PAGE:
Sun Devil PAWS Therapy connects students with therapy dogs

Without a spring break, certified therapy dogs on campus are helping to alleviate stress

A group made of pet therapy teams offers a fluffy respite from the academic and mental health stressors students are facing in a semester without a spring break.

Sun Devil PAWS Therapy, a group of certified volunteer trainers and therapy dogs, has been holding events intermittently throughout the semester in hopes of relaxing students by allowing them to interact with a few fuzzy friends on campus. 

On Feb. 24, PAWS Therapy held an event on the West campus for students to walk up and meet Lil' Bit, a 6-year-old Shih tzu-poodle mix.

“This (event) is kind of a moment for everyone to take a step back and really find peace and comfort and destress,” said Monica Wilmoth, a junior studying psychology who works with the Sun Devil Fitness and Wellness department to facilitate these types of events. “The dogs are amazing.” 


Lil' Bit, a therapy dog, watches a passerby outside the Verde Dining Pavilion on the ASU West campus on Wednesday, Feb. 24, 2021.

Lil’ Bit, the tail-wagging star of the show, went through numerous temperament and behavioral evaluations to be certified for animal-assisted crisis response, said Lela Muirhead, Lil’ Bit’s certified therapy dog handler. The pair are a part of Pet Partners, an animal therapy organization that aims to improve health through human-animal bonding. 

Before the pandemic, Lil’ Bit and Muirhead attended a wide variety of events, including visits to nursing homes, hospitals and locations after a traumatic event. 

“I used to visit the hospitals every week and just go visit any patient that wanted to see her. And we've done readings at the library where we let little kids read books to her, any kind of event where people want to snuggle a dog,” Muirhead said. 

Muirhead said she worked hard with Lil’ Bit as a puppy to expose her to distractions she might face in her therapy work, such as going to motocross races, fireworks displays and nursing homes.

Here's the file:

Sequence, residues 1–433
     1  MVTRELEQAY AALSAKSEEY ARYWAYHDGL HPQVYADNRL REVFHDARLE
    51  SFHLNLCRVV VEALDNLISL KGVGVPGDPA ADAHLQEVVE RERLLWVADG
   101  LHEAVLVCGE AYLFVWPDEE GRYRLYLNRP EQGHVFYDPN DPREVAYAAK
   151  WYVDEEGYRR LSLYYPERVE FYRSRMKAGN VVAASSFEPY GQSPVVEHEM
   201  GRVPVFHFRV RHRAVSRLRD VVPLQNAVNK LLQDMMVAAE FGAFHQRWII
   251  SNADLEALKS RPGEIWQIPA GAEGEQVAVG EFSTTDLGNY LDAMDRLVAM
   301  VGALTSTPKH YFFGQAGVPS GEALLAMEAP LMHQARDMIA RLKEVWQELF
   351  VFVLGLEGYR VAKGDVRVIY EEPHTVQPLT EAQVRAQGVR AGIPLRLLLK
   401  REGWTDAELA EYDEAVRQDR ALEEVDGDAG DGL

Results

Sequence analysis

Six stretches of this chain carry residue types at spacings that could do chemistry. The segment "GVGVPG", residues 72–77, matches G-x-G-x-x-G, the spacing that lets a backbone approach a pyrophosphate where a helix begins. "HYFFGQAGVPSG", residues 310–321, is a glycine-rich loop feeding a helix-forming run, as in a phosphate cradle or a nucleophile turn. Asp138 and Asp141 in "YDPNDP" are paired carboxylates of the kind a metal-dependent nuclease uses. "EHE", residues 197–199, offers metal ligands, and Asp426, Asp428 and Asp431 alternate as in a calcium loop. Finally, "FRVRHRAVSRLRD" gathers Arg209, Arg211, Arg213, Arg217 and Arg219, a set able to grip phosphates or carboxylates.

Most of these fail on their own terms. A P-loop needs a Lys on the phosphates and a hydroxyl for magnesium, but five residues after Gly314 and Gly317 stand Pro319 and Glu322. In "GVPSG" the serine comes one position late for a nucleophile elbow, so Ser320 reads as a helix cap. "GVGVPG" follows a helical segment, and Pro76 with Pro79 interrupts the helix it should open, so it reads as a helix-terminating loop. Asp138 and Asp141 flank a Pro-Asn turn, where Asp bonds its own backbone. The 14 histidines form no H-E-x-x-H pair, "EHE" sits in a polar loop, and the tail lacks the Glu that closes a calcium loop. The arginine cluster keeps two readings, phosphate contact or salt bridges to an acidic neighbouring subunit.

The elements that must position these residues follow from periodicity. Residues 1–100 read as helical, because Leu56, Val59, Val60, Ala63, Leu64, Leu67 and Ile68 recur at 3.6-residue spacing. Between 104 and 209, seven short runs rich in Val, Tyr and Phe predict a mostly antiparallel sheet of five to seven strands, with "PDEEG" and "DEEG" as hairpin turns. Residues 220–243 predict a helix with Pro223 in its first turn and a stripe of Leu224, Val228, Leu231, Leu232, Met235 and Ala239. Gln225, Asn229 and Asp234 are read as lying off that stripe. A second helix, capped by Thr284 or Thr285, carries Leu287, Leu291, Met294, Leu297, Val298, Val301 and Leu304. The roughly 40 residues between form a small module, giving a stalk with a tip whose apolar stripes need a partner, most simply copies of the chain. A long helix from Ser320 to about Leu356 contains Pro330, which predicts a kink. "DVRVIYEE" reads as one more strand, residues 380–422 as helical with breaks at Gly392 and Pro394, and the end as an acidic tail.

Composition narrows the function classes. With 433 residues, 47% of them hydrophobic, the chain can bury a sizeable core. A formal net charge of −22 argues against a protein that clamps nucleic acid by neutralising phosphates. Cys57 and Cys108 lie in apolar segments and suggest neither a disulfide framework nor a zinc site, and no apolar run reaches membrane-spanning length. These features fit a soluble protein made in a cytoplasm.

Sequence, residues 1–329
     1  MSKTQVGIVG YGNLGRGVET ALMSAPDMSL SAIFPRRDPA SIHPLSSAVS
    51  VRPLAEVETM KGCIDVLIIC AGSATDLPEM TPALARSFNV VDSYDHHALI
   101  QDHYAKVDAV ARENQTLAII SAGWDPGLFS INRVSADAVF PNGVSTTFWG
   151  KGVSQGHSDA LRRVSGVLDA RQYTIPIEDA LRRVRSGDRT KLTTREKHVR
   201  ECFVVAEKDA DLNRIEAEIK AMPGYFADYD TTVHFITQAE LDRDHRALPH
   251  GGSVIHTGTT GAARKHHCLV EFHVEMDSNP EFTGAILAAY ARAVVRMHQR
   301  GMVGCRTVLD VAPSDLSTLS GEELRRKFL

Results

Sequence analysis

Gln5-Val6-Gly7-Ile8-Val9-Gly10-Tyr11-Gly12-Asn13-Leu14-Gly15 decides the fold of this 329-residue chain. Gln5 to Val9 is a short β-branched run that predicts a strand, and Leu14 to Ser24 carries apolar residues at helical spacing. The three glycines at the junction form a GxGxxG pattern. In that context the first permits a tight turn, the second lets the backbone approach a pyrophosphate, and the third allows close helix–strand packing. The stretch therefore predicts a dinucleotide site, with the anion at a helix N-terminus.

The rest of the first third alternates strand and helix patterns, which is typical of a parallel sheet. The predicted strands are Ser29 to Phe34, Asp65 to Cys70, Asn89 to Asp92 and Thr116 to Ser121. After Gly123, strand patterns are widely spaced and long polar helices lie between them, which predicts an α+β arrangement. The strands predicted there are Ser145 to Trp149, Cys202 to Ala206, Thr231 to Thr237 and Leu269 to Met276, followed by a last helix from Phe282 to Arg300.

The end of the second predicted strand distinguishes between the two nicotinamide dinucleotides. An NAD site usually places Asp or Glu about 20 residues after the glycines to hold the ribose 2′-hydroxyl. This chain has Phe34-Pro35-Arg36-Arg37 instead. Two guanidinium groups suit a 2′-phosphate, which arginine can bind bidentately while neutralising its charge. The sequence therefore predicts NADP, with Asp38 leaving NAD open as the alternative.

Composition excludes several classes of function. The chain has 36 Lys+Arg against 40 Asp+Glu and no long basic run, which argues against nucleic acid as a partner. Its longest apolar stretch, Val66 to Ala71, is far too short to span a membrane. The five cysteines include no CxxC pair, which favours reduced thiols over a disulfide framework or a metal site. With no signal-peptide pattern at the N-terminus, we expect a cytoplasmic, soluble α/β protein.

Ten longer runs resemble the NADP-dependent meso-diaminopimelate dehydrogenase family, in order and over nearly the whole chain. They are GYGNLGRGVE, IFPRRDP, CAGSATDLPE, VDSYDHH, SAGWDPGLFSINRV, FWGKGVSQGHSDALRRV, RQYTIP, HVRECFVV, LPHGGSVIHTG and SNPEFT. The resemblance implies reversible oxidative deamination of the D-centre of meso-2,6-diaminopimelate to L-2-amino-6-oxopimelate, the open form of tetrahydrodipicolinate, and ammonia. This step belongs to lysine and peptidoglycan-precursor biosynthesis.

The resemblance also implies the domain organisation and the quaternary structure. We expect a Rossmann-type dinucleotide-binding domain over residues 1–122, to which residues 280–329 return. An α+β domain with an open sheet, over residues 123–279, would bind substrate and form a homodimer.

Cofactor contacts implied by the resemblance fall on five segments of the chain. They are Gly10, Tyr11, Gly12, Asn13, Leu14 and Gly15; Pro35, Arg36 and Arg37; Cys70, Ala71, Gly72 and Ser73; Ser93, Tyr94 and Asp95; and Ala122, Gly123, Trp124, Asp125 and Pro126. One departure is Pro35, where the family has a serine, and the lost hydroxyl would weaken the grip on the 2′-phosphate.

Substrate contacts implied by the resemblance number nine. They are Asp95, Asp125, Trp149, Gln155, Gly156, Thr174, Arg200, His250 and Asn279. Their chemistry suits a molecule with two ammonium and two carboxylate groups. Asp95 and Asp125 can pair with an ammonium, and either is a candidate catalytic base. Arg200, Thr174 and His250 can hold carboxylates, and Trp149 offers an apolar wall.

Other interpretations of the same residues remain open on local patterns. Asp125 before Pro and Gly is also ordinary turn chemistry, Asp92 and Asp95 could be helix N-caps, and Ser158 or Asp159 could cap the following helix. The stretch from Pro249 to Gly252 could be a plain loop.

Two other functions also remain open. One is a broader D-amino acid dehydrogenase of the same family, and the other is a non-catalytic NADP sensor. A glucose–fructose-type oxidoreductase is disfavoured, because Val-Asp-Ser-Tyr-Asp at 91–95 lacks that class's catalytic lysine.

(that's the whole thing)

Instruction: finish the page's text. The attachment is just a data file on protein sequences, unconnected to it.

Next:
Despite all of the distraction training, Lil’ Bit has always had a sweet and calm demeanor. Therapy dogs cannot get certified until they are at least a year old, but Lil’ Bit was ready at 6 months old, Muirhead said. 


Lil' Bit, a therapy dog, lays on the ground outside the Verde Dining Pavilion on the ASU West campus on Wednesday, Feb. 24, 2021.

Grecia Cubillas, a sophomore studying global management who helps organize the events, said students love to come to interact with the dogs. 

“You can really tell when the students see the dog, they're really excited and they want to go pet them right away,” Cubillas said. 

Cole Canfield, a sophomore studying management, did not know about the PAWS Therapy event before he arrived. But "we saw a dog," he said simply, prompting Canfield and his friend to stop and pet Lil' Bit. 

Although some students are still nervous to get out and interact in person because of the pandemic, many are looking for opportunities to alleviate some of their stress, Wilmoth said. 

“Students are feeling a little bit better with coming out and, like, ready to do more things because they did spend so much time in quarantine and locked up that they're like, ‘Oh my gosh, you guys are doing that? I’m coming out right now!’” Wilmoth said.  

Addison Sutton, a freshman studying global management, came over to pet Lil’ Bit as soon as he saw her. He said mental health is an important consideration for college students, especially this semester with the absence of spring break.

“I guess that's also why we have therapy dogs," he said. "Like even now, I kind of want a break. I got midterms coming up here and there, but if I had a break, that’d be kind of sick." 

But without it, seeing Lil' Bit would be the closest thing Sutton would have to a spring break.


Reach the reporter at alcamp12@asu.edu and follow @Anna_Lee_Camp on Twitter. 

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